Even in fixed income, she says, traders are turning to on-exchange electronic dealing and calling for increasingly more products to go electronic just to gain algorithmic advantage.

Note the following chart from Thomson Reuters, which tells the story well:

Growth of algo trading - Thomson Reuters

Aldridge says it is also encouraging an increasing number of emerging market exchanges to go electronic.

Asia algorithmic trading growth - Celent
As for the type of strategies being deployed, Aldridge says it’s “a bit of a wild west in terms of model development”. Everyone is experimenting, with cross-asset statistical arbitrage among the most popular new frontiers.

That, by the way, entails spotting synergies between everything from oil futures and dollar cross rates, to exchange-traded-fund index arbitrage — something which explains why the biggest holders of ETF shares tend to be HFT firms, and why they turn up so frequently as ETF authorised participants.

The smaller HFT protagonists, meanwhile, tend to orientate towards forex strategies, she says, because the ability to leverage up between 40-100 per cent means even someone with a small capital base can make substantial revenues using high frequency or algorithmic techniques.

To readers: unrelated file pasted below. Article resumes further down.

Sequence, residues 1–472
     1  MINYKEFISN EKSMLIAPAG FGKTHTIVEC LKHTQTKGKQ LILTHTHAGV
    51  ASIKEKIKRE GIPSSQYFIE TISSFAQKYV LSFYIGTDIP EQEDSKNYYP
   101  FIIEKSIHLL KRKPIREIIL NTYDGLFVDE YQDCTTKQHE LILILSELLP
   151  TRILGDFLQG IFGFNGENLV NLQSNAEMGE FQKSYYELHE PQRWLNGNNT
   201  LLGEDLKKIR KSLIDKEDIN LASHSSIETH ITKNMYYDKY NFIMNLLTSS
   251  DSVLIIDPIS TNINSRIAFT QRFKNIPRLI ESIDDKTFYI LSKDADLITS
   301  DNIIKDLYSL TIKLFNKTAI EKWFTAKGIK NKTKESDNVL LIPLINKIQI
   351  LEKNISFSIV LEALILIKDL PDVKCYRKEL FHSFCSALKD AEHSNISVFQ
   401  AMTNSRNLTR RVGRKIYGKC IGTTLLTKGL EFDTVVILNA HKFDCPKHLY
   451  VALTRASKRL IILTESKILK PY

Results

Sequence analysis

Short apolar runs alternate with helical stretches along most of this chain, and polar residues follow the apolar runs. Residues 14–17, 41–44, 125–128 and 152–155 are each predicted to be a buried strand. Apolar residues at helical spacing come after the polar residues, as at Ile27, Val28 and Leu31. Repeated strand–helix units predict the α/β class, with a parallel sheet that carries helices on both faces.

But while it’s understandable for people to lament the demise of the old-school trader model, it’s wrong to suggest these developments are in any way sinister, says Aldridge. The super-computer revolution is happening because it’s just more cost effective to employ one programmer over dozens of expensive traders. It’s probably more efficient too. As she explains:

“HFT is nothing more than the automation of the traditional trader functions. It’s not doing anything that wasn’t already done. Even flash orders are just an automated version of those who used to sit on the exchanges and had immediate access to information. You had to pay a lot to put someone like that on the exchange.”

This, more than anything, she says is why the harshest critics tend to be brokers and market makers, whose jobs are being threatened by the fact that one of the HFT’s core strategies is liquidity provision. Not that Aldridge doesn’t sympathise with some of the arguments against flash trading itself.

Nevertheless, she actually predicts it will be OTC markets above others that will bear the brunt of HFT’s rise:

I think it’s allready happening, in fact. Over the counter products are becoming very niche and sophisticated, catering to high end clients as the deals don’t generate much volume and they’re labour intensive. They’ll become one-of-a-kind investments, not for the mass financial market.

That’s certainly a trend we can believe, given regulators’ belief  that the unregulated OTC derivatives marketplace played a central role in the 2008 crisis.

In which case: fewer OTC securities = more electronic exchange-traded securities = more HFT.

Related links:
Where fantasy finance meets the real world
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When equities are not enough, HFT turns to FX and futures
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HFT in commodity ETFs
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Electronic trading and commodity prices